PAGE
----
Europeans copied the Islamic concepts. ‘Everybody is equal before justice’ is an Islamic concept. In many places the Quran talks about justice. If asked as to what the essence of Islam is, the answer is not Thouhid. Thouhid is only the theory. Justice is the essence of Islam in practice. Kings had given great attention to this. Our courts cannot order the prime minister to appear before the court for trial. Even the CBI does not have the power to interrogate high officials. It needs permission from the Supreme Court. When somebody files a complaint against a Muslim king during their regime, the Qadi would ask the king to appear before him. The governor once requested Imam Shafi to give his son tuition and offered to send the horse cart to pick and drop Imam Shafi. The offer of the governor was just a symbol of respect to the Imam. But Imam Shafi’s reply was to send the boy to his dars, if he needed tuition. Imam Abu Haneefa was imprisoned for criticizing the king. Ibn Taimiya was subject to the displeasure of the government for expressing his independent views.
Law was not equal to all in Europe. The number of citizens without voting right was high in the celebrated Greek democracy. Democracy is in fact derived from Islam. The Quran says they “rule by mutual consent” (42:38). Islam requires that legislation is possible only after debate and discussion. Consultation, autonomy (formation of autonomous bodies in the society), privacy of individuals, etc. strengthened in Europe. But in Islam autonomy was inherent. The three estates of judiciary, executive and legislature are Islamic. Judiciary has always been independent. All these concepts were in fact assimilated by Europe.
Europeans developed a lot after the Industrial Revolution. They thought that only they were capable of growth and development. They thought of establishing their racial hegemony. The concept of racism developed in Europe. Darwin had thought that at the bottom of the evolution tree was amoeba and at the top was Europeans. Turks were inferior to them. They said that sciences are value-neutral; it is a fallacy. All knowledge is linked to the people that produce it. The culture of the person/group that produces knowledge would definitely influence it. Britons had no comparison with the Usmania Empire, one of the largest empires then. Darwin was their representative. They had made tremendous advancement in the field of science. New weapons and machine guns were invented. Their military force was well disciplined. Commands among them were very scientific. The number of British soldiers was not substantial during the First War of Independence in 1857; but it was with discipline and the command structure that they defeated the Indian sepoys. The British had the notion that they were achieving all this because genetically they were superior. Famine in India had been rampant in 19th century. Millions died because of starvation. Though the godowns were full of paddy and wheat, it was not available outside because it was under the control of the British. Of the total world industrial production, 22.6 % was in India when they invaded India (Europe’s share was 23.3); this plunged into 3.8 percent when they left India.
When decline and deprivation became widespread, many started thinking about the solutions. Some found the reason for all this in the failure of the Muslims to adopt the European ways. Only by copying western industrial system they could come out of the wreck. Establish factories; implement British and European laws; imitate the West, some said. The advisors of the Turkey’s Sultans had been introducing new policies called Tanzimath. Tanzimath was nothing but directly importing the European laws. One of them was to make interest halal. Thanzimath was implemented throughout Turkey.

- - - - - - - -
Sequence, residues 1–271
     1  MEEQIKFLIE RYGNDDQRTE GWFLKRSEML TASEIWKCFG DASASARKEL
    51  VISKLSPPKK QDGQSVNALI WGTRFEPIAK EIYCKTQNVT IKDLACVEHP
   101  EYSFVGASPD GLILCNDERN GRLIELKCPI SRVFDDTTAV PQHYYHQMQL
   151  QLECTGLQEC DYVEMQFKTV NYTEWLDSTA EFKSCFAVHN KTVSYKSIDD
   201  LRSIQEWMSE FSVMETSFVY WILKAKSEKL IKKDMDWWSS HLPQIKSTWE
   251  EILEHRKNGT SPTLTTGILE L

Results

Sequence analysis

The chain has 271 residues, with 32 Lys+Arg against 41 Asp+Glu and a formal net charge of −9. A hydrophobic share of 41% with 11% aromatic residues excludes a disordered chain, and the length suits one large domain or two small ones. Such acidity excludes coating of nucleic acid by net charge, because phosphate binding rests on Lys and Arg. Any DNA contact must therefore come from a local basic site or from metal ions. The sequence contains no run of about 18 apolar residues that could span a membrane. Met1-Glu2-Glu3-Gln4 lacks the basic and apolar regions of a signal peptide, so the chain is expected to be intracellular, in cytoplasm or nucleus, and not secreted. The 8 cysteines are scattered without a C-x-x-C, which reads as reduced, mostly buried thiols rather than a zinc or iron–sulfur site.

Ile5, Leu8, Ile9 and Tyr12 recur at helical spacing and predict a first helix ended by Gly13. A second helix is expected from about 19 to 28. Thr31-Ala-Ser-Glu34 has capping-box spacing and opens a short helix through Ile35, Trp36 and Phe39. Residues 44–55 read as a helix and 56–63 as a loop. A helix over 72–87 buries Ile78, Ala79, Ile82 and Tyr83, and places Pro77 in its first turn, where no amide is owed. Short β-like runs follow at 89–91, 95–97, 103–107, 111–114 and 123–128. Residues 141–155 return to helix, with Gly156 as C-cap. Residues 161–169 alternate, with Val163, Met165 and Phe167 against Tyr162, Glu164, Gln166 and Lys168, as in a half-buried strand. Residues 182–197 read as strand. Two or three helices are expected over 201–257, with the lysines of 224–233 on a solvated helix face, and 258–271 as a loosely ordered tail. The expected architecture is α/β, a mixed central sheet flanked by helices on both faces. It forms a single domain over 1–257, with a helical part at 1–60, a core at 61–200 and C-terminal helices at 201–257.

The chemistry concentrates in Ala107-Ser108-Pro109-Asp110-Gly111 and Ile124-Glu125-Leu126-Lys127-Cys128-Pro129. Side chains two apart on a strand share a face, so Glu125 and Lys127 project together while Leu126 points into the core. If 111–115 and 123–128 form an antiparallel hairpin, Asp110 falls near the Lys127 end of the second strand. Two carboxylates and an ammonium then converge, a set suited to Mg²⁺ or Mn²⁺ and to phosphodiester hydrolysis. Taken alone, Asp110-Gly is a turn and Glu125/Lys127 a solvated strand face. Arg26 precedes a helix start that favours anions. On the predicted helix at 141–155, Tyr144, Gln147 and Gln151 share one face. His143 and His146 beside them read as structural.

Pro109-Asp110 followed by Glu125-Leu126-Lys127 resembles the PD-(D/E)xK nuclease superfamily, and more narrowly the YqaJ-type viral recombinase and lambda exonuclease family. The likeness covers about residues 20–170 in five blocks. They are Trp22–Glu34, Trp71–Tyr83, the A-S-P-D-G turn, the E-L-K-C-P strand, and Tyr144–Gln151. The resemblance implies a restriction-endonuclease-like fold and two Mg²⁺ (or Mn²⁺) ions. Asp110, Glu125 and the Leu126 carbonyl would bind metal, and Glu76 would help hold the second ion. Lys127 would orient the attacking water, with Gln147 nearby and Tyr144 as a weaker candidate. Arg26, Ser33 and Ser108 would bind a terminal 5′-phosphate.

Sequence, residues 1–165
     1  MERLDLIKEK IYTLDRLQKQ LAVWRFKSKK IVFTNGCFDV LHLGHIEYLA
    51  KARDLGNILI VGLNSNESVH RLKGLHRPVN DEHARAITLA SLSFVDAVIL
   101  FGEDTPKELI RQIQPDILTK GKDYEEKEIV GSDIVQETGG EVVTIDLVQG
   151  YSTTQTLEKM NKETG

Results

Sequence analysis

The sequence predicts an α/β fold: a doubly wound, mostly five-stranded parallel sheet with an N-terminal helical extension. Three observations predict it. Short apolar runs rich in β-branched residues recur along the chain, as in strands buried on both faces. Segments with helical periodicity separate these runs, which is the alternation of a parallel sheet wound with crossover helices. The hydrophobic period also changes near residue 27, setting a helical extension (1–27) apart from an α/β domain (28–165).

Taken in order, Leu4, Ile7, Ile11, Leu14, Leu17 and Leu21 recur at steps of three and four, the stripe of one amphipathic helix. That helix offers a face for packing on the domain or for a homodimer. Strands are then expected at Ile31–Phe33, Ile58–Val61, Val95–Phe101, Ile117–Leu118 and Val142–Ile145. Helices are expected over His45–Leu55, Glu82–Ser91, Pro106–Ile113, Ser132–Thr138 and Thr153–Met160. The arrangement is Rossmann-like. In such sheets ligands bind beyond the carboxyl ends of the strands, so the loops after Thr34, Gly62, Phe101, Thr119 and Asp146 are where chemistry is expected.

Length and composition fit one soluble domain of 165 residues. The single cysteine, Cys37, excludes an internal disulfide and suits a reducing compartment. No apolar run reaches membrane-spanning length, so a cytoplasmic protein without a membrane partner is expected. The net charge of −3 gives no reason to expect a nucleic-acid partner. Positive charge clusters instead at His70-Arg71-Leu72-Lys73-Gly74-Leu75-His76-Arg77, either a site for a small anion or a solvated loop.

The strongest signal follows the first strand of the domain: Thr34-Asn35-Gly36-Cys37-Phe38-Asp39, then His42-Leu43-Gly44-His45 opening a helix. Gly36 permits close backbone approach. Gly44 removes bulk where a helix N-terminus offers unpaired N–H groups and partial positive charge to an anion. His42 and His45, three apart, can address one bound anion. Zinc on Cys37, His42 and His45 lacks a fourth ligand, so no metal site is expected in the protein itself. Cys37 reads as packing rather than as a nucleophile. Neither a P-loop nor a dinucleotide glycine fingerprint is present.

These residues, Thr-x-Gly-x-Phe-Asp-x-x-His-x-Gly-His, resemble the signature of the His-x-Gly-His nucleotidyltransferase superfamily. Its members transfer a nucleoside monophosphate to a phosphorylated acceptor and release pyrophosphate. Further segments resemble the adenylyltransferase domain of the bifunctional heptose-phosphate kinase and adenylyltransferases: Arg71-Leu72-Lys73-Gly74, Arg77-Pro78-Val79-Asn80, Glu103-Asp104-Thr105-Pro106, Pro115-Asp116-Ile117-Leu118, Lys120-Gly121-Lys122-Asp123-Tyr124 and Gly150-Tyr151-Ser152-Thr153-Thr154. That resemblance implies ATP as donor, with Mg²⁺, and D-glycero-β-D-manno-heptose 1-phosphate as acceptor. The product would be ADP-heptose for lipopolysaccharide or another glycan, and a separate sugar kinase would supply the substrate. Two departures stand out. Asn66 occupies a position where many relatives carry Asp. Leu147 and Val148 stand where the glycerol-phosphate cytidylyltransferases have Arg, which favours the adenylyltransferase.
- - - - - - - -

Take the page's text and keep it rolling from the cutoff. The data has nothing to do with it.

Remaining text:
Napoleon annexed Egypt in 798. Technically Egypt had been part of Turkey. When Napoleon came on horseback, Egyptians thought that they should live as Napoleon. The upper class started leading a life style seen in the Paris streets. Drinking became a fashion. Muhammad Ali Pasha was the then governor in Egypt. He endeavored to industrialize Egypt. Everything was being brought from Europe. Similar was the situation in Iran. Iranian kings implemented laws helping the British and the French. Monopoly of tobacco trade was given to the British, like the opium plantation in India. But this was an event that helped to show the strength of Islam. Jamaludin Afghani was in Iran during this period. He discussed this issue with the ayatollahs, and they issued an order that nobody should use tobacco. Ultimately the Shah yielded to this.
At the beginning of the 20th century, Islamic world disintegrated gradually, and was divided into many pieces as a result of the invasion of western colonial forces. The disintegration of Muslim society was almost complete in the second half of the 20th century. The First World War started in 1914. The war initiated by the Europeans, lasted from 1914 to 1919.The total disintegration of the Usmania Empire at the end of the war also wreaked havoc in Muslim lands. In 1924 Mustafa Kemal Pasha dethroned and expelled Abdul Majeed II, the last Sultan of Turkey and thus ended the symbolic Khilafat. Kemal Pasha took over the rule of Turkey and adopted the title Kemal Ataturk.: the Father of Turks. The new nation was built up on Turkish nationalism. In that sense, Ataturk substantially contributed to protecting the present day Turkey; it is a different matter that many of his later acts turned out to be anti-Islamic. At one point, the Greek and British armies together were close to conquering Istanbul. In May 1915 the Turkey force led my Mustafa Kemal Pasha clinched a crucial victory in Gallipoli. The British-Greek forces were blocked and driven away. This is the reason for the survival of Turkey in its present form.